Instruct a barrister
Fenners Chambers’ barristers can be instructed by solicitors and licensed access organisations, and many of our barristers can be instructed directly by members of the public (“Public Access”).
Using a solicitor
If you start by employing a solicitor and they decide that you will need a barrister, they will usually choose your barrister for you. Solicitors will usually have barristers they work with regularly and will know who to ask.
“Public Access” is the term used to describe members of the public instructing a barrister directly, rather than through a solicitor. Barristers must receive Public Access training before they may accept work in this way, and not all cases will be suitable.
At Fenners we have 40 barristers who are able to take Public Access instructions. Please look for the ‘Direct Access Qualified’ icon on our barristers’ profile pages.
How do I instruct a barrister?
Instructing a barrister directly is simple. Fill in the contact form below and a member of our administrative team will be in touch with you shortly, to discuss the best barrister for your case. Alternatively, you can call our clerks on 01223 368761, or email email@example.com.
If you choose to instruct a barrister and a solicitor, your solicitor will help you to choose and instruct the right barrister.
What is the advantage of coming to Fenners directly to instruct a barrister?
Public Access is an efficient and cost-effective way of obtaining expert legal advice and representation. Our barristers can advise you on a wide range of issues, and taking advice early often leads to a faster, and more amicable, resolution. Many clients find that instructing a barrister directly is quicker and cheaper than instructing a solicitor as well.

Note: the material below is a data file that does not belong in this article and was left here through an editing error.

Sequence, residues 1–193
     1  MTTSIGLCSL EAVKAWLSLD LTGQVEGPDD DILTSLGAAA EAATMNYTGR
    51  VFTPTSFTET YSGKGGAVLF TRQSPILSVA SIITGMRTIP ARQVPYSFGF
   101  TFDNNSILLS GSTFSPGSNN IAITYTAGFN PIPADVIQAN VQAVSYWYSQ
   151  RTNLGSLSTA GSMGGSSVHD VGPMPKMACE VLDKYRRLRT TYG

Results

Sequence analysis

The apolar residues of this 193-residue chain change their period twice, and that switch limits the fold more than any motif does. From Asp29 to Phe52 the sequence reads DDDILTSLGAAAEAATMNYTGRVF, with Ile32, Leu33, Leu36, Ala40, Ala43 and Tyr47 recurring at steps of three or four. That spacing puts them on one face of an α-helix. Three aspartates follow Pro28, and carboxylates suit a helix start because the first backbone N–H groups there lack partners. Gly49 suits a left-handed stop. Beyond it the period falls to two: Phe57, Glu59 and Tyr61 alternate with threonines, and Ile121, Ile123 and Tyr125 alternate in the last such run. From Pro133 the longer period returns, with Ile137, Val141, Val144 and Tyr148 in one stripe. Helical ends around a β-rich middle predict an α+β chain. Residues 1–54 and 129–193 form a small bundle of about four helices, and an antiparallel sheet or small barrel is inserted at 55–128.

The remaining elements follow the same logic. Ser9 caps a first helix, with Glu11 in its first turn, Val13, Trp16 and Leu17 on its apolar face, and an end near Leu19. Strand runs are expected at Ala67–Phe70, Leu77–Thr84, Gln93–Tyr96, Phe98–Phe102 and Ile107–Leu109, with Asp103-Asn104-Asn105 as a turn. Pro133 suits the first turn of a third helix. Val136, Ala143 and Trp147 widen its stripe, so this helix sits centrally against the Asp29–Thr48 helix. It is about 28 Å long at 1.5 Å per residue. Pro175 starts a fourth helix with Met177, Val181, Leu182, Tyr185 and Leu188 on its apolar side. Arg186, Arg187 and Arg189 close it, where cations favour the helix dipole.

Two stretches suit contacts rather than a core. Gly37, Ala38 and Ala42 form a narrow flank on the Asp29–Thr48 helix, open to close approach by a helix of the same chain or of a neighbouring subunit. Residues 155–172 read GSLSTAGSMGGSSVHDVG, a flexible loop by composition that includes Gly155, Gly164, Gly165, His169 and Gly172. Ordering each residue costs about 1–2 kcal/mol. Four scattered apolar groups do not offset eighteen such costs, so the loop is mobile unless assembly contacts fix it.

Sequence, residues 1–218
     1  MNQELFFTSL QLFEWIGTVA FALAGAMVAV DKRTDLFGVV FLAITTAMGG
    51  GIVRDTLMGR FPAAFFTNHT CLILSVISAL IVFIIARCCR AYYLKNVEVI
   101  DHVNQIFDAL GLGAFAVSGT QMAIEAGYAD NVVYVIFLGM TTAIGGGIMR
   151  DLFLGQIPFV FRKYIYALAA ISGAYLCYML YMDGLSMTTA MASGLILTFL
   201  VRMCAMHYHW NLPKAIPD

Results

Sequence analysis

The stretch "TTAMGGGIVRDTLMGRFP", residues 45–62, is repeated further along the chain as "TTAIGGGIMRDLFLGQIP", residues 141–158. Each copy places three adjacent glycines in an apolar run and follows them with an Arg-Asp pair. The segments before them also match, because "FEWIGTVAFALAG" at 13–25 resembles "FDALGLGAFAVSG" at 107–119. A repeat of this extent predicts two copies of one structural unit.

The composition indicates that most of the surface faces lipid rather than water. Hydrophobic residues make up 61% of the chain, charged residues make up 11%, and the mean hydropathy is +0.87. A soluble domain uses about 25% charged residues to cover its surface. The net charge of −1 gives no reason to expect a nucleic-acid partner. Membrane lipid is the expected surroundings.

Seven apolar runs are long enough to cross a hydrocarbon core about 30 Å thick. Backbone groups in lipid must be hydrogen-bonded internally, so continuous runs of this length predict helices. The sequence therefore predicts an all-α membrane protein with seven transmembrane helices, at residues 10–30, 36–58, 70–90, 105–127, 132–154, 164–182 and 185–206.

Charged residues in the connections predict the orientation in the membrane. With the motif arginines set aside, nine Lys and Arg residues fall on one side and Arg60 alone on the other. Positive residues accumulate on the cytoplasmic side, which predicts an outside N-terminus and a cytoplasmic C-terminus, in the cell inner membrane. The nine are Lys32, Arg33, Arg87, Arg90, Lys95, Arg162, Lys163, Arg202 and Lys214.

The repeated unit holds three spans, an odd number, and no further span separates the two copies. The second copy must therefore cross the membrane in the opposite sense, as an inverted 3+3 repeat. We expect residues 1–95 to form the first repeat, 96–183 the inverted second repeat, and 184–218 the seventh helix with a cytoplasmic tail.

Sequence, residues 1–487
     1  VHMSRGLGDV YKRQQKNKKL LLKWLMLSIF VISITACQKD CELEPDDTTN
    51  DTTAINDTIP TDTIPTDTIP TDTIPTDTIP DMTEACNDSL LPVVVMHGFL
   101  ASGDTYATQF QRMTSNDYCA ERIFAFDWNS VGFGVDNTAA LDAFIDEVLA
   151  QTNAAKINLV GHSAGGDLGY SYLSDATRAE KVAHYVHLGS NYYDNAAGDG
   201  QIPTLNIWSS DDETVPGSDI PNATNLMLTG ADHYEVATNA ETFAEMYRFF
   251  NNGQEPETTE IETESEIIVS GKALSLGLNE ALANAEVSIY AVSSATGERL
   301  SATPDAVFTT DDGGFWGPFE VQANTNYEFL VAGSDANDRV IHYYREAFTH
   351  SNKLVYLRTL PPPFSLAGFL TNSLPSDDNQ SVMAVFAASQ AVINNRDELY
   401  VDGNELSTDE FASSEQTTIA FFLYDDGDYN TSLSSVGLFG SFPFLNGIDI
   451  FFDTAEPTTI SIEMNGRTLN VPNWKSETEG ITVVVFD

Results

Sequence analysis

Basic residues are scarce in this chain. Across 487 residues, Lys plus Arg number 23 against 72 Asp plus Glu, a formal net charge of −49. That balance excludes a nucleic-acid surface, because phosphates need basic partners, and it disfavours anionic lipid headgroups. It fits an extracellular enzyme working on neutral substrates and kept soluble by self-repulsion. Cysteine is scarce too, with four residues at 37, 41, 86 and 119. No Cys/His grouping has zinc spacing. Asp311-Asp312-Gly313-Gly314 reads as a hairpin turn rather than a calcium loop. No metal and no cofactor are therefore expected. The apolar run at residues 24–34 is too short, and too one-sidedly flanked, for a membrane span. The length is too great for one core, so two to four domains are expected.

What is the cost?
Work is charged either on a fixed fee basis or at an hourly rate, and fees will be agreed with you in advance, so that there are no surprises. Our barristers’ hourly rates range between £125 + vat and £500 + vat, and our clerks can advise you on the most cost-effective way of dealing with your case. Fees will vary depending upon the level of expertise that you need, and the amount of work involved in advising you and both preparing for and attending any court hearing. In certain cases, barristers may also charge for their travel.
Once you have agreed to instruct a barrister, you will be provided with a letter of engagement (called a Client Care Letter), which sets out the terms of your agreement with your chosen barrister and the fees that you have agreed to pay. This is your contract. Fees must be paid prior to the barrister carrying out any specified piece of work.
Is my case suitable for direct public access?
Most cases are suitable for direct access, but some require the skills of a solicitor as well. If we assess that your case is not suitable for public access we will inform you as quickly as possible and, if required, we can help you find a suitable solicitor.
What will my role be if the case is direct access?
Unless your chosen barrister has authorisation to ‘conduct litigation’, you will be treated by the court as a ‘Litigant in Person’ even when instructing a barrister directly. This means that you will have to carry out certain tasks that a solicitor would otherwise do, including preparing the papers that your barrister will need, and sending documents to the court and any other party.
For further information about instructing a barrister directly, please see the Public Access Guidance for Lay Clients and Price Transparency Policy Statement published by the Bar Standards Board.
We hope that you will be very happy with the service that our barristers provide to you, but if an issue does arise, we will do our very best to resolve it with you.
Please see our complaints policy for further information.
Please contact us to find out more about instructing a barrister